This was evidenced by the communications (or more accurately the lack of them) from the leads on Prax. Admittedly, the UK-based midstream and downstream energy company is not an easy credit to understand, and despite appearing to be launched at the end of January - interestingly with a pink, not a red - sources close to the deal told us that investors want more time (roadshow and one-on-ones were due to end on 4 February) to understand the credit.
The delay gave my 9fin colleague Owen Sanderson more time to refine our knowledge of the credit. Drilling into the OM and the accounts allowed us to distillate some heavy, albeit crude, assumptions over the funding of the business and what is really driving this refinancing.
Sources and uses in the company’s pink OM states the bond would be used to pay down $119m of “secured bank loans”, as well as $1.7m of bank overdraft, and $9.9m of vendor loan notes. This largely dates from HKS, a fuel retailer, purchased in 2018, via Prax’s Harvest Energy subsidiary.
Drill deeper, we find the “bank debt” was provided by Sculptor PFS Investments Sarl. and Nomura European Investment Limited. From the exploration of the Sculptor entity accounts, the loan pays a healthy 975bps over sterling Libor, maturing in October 2023, and $13.8m of pre-payment fees.
But the business now includes an oil refinery, from the sale of Total’s downstream assets in March 2021. The Lindsay refinery on Humberside was purchased for $160m, seemingly a bargain as Prax later booked a $500m gain on the acquisition – with $667m of identifiable assets including $470m of inventory. But these might already be encumbered, there is a $525m securitisation facility with $488m drawn which might suggest that pledged receivables from inventory sold on were then securitised.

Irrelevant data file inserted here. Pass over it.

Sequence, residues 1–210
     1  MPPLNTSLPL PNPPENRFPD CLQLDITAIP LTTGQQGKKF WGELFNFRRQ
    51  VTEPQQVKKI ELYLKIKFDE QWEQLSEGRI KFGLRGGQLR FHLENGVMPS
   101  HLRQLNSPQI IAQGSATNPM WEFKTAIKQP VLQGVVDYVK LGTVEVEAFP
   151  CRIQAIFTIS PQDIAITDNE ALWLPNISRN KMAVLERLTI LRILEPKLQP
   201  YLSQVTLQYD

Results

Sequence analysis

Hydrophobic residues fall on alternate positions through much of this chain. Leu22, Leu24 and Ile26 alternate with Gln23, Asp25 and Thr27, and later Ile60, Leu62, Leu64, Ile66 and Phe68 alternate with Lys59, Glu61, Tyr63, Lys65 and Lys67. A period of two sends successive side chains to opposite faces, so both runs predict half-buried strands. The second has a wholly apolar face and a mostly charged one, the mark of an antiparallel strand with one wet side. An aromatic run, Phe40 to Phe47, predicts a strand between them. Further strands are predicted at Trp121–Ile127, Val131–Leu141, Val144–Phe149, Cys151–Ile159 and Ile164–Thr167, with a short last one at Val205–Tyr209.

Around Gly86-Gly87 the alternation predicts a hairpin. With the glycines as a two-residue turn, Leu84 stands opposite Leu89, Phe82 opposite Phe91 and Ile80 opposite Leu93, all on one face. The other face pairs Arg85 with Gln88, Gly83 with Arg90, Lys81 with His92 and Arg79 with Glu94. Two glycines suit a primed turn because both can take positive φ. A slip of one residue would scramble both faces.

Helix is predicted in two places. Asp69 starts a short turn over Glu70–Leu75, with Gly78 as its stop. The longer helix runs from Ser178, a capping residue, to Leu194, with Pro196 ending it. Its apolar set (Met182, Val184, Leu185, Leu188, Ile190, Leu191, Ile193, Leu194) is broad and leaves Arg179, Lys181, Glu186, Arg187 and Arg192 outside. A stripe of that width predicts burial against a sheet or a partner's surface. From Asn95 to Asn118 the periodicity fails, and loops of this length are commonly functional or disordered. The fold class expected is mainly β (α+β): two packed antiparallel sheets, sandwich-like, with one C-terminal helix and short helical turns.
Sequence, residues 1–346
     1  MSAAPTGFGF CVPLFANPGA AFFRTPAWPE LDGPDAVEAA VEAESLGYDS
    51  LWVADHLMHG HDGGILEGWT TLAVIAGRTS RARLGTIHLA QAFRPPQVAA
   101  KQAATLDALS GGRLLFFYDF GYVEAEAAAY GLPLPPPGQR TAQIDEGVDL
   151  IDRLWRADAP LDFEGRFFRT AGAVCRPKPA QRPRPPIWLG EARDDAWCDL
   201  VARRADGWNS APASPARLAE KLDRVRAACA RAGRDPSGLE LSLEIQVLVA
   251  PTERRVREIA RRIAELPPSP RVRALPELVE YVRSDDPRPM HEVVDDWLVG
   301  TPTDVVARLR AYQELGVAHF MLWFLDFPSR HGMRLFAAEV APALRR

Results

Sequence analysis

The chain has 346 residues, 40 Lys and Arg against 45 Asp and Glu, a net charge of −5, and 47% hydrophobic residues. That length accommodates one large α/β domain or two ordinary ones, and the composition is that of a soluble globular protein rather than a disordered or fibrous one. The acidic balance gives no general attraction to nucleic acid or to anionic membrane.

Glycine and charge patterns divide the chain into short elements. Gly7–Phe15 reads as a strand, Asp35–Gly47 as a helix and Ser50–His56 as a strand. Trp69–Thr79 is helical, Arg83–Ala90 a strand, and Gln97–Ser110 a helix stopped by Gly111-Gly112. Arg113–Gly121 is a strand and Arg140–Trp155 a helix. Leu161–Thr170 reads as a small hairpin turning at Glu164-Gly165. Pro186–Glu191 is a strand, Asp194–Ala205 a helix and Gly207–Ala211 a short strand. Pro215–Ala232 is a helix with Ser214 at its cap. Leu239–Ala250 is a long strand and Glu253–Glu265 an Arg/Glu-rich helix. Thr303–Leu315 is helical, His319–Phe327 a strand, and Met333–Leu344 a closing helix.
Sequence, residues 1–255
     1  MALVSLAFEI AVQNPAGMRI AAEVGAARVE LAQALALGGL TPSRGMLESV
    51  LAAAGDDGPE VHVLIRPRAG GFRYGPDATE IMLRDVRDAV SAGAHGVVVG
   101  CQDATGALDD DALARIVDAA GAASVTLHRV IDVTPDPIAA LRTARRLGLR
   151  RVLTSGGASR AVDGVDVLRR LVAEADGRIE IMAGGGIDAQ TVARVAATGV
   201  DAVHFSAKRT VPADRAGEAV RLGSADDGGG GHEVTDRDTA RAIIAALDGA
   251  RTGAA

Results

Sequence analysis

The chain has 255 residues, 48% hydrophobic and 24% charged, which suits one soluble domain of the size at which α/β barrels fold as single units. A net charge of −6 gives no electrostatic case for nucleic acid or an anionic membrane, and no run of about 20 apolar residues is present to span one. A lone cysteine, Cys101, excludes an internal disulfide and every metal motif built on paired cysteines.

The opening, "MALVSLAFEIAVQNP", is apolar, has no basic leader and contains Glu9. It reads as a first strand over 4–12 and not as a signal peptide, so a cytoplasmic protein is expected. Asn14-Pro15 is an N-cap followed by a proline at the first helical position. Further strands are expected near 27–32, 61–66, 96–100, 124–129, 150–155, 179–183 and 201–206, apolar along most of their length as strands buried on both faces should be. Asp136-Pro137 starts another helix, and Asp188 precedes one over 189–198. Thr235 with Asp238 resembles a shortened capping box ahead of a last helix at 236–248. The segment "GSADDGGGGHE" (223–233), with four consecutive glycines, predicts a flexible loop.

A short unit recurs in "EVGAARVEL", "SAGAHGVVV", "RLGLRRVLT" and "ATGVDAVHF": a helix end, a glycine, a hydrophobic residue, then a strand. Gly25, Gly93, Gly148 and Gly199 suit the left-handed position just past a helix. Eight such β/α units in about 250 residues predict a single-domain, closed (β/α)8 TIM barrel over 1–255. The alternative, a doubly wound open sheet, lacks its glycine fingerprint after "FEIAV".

Three of the securitisation banks are on the bond deal with the notable omission of JPM. In addition to the securitised debt, we have explored further and discovered an ‘excess concentration facility’ of up to $105m with Raiffeisen Bank and an exclusive contract from Trafigura to supply oil – under the deal the trader has effectively lent $87.8m to Prax by the end of November, which could rise to $130m.
The deal was marketed as being very lowly-leveraged corporate debt at 0.7x, but as you can see from above (and our cap table below) is it a much more complicated structure.
One of our sources suggested that a club deal with a double-digit coupon was under discussion with enhanced collateral – which makes sense as it was previously limited to just share pledges, bank accounts and structural intercompany receivables. There is no benefit from UK floating charges or any security over hard assets. We also heard of an OID on offer to further sweeten the mix.